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Nature in it's glory

Nature in it's glory

Jun 7, 2010

Cedar Waxwing

This weekend was extremely satisfying as far as birdwatching was concerned. On Saturday I went to visit a couple of man made ponds  in the south of the city, where I had some tremendous luck taking pictures once before.  The weather was gorgeous to say the least and I had the delightful experience of having several feathered subjects to photograph.  Of all of these subjects, the Cedar Waxwing was the most illusive.  It is very good at hiding and if it cannot hide, or is startled all of them fly off all at once.  Which is why, before I finally managed to photograph these birds, the whole flock flew off on me twice.

Cedar Waxwing almost hidden
You know that the Cedar Waxwing is in the vicinity by the sound of their high pitched but very quiet whistle.   It is so quiet in fact, that it takes a moment for the sound to register in your conscious mind.   When it finally does register, finding the bird is no easy task, unless the flock happens to be sitting in a highly visible tree top that is relatively bare of leaves, which I have witnessed on one occasion.  If you are really lucky you will witness a flock of Cedar Waxwing descent on a Mountain Ash, or any other fruit bearing tree, or bush, to strip it off it's berries in mere minutes.  It's quite a sight.

Cedar Waxwing in the shadows
However, more than likely you will have to hold yourself very still and literally look behind every leaf and branch in order to catch sight of this illusive bird.  You will have to concentrate on the slightest movement due to the fact that they are very swift, as they move from branch to branch, which makes them even harder to detect.

Two Waxwings
Cedar Waxwings are very much suited to hiding, especially if they stay in shadow, because their backs and necks are a cinnamon brown color and their wings are gray, while their bellies are a pastel yellow, which means they blend in nicely with almost all leaves.   What is most striking about these birds, however, is the black mask that covers their eyes and the red spots near the tip of their wings.  This red spot resembles a drop of wax; hence the name waxwing. They also tend to favor Cedar trees.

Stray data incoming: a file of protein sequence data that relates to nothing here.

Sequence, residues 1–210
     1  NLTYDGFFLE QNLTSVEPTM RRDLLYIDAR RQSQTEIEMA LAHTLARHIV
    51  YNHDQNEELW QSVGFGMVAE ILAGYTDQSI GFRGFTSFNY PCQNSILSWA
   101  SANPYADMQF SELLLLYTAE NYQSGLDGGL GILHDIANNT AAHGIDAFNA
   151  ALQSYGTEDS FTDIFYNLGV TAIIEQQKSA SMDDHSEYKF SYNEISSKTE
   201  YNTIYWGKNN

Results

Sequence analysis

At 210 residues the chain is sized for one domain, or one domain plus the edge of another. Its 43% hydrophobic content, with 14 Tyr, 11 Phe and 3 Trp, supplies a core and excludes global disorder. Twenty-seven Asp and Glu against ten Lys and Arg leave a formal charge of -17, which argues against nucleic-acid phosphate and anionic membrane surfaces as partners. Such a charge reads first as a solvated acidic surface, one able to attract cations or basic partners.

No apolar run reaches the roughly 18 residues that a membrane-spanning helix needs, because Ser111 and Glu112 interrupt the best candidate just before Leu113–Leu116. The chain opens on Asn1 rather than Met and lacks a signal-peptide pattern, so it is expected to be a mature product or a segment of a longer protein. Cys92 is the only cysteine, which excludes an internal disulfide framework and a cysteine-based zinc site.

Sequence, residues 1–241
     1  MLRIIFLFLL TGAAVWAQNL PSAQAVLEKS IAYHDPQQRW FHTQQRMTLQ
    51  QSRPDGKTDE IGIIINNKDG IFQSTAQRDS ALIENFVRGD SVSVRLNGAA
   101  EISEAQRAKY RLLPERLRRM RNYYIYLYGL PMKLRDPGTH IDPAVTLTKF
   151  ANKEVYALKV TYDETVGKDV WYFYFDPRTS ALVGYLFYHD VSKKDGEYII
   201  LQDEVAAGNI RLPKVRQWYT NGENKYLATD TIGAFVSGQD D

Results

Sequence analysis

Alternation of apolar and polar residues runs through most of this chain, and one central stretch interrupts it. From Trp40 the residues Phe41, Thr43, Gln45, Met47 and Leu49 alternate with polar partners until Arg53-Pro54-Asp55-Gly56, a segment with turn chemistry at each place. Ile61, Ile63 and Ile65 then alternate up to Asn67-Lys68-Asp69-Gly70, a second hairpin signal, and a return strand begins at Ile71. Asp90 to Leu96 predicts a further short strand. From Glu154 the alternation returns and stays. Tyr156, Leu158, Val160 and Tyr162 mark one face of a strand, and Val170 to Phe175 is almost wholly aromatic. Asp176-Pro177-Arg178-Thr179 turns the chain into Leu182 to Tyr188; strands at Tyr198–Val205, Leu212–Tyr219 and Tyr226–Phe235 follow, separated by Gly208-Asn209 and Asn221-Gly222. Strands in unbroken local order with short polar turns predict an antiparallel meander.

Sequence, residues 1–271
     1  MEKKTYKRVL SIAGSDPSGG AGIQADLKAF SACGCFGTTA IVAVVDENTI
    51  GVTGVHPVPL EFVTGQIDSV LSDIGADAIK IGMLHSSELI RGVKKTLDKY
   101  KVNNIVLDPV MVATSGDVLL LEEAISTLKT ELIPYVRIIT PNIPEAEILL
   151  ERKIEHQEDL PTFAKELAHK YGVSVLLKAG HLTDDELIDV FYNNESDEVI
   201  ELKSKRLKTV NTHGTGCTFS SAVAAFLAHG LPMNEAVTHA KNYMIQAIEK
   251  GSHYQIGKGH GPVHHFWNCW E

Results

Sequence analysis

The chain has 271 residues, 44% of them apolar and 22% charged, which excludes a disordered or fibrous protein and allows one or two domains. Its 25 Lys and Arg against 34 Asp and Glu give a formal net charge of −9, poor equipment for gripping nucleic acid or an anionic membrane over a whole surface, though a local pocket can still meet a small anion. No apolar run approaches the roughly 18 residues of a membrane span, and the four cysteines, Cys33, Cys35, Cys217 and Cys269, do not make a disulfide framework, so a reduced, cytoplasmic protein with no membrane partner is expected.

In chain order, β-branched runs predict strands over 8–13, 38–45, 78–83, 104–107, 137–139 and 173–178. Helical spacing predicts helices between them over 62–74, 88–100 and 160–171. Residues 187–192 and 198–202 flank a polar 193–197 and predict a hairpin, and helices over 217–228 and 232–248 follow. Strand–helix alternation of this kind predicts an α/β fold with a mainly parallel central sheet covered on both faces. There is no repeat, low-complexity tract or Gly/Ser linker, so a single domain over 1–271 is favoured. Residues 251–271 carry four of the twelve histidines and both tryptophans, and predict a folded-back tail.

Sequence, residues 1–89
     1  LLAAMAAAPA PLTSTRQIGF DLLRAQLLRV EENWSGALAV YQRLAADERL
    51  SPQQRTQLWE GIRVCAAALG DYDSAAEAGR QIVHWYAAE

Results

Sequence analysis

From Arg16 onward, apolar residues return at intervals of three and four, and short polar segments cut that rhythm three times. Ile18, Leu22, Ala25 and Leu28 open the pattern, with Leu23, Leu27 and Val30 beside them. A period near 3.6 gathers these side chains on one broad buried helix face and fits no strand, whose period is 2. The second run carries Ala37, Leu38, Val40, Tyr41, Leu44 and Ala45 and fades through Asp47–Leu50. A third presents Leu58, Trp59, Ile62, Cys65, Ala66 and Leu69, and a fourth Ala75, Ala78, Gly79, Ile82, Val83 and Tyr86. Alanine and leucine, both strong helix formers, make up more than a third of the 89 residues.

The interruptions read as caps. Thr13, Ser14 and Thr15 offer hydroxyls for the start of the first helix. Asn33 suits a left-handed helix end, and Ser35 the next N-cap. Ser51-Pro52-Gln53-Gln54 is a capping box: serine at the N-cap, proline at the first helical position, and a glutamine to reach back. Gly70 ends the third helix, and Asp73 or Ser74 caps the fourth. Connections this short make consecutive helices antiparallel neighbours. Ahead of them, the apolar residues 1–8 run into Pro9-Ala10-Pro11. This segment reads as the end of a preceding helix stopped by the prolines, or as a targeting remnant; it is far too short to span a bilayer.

Curious Cedar Waxwing

Cedar Waxwing perched
Unlike their cousins, the Bohemian Waxwing you will seldom see these birds alone, as they have a tendency to fly in flocks, both in large or small numbers.  In the pictures that I managed to get you will see only one or two of these birds, however there was a whole flock of them present in the same little tree.  Which is truly quite amazing.

The only reason that I managed to spot these birds this time, was because one of the birds was moving opposite in relation to the wind's movement of the leaves.  Needless to say, once I did, I stood very still until one or two of the birds was comfortable enough to actually let itself be seen, and then believe me, I moved very slowly to bring my camera up to take these pictures.

Almost close enough

Beautiful Cedar Waxwing

As you can see this is an incredibly beautiful bird. I only wish I would have gotten a clearer picture of the bright red spot on it's wings, but since I did manage to get a good photo of the bright yellow ribbon on its tail, I probably shouldn't complain too loudly.  An interesting fact here, is that the color at the edge of the Cedar Waxwing's tail might vary depending on it's diet, ranging from yellow to orange.  Their diet consists mostly of berries, sweet fruit, honeysuckle, and insects.  They love the sound of running water, which is likely why they were at this location, since there is a water fountain in each pond.  The Cedar Waxwing's habitat is typically the edge of a forests anywhere in Canada or the US, as well as near rivers and streams, or any place where the trees are spaced somewhat apart, like a golf course or city park.  They are known by two other aliases: cherry bird and cedar bird.

More  information about the Cedar Waxwing can be found at the following sites if  you like:

Also, if you wish to learn about their larger cousin, the Bohemian Waxwing just visit the link below:


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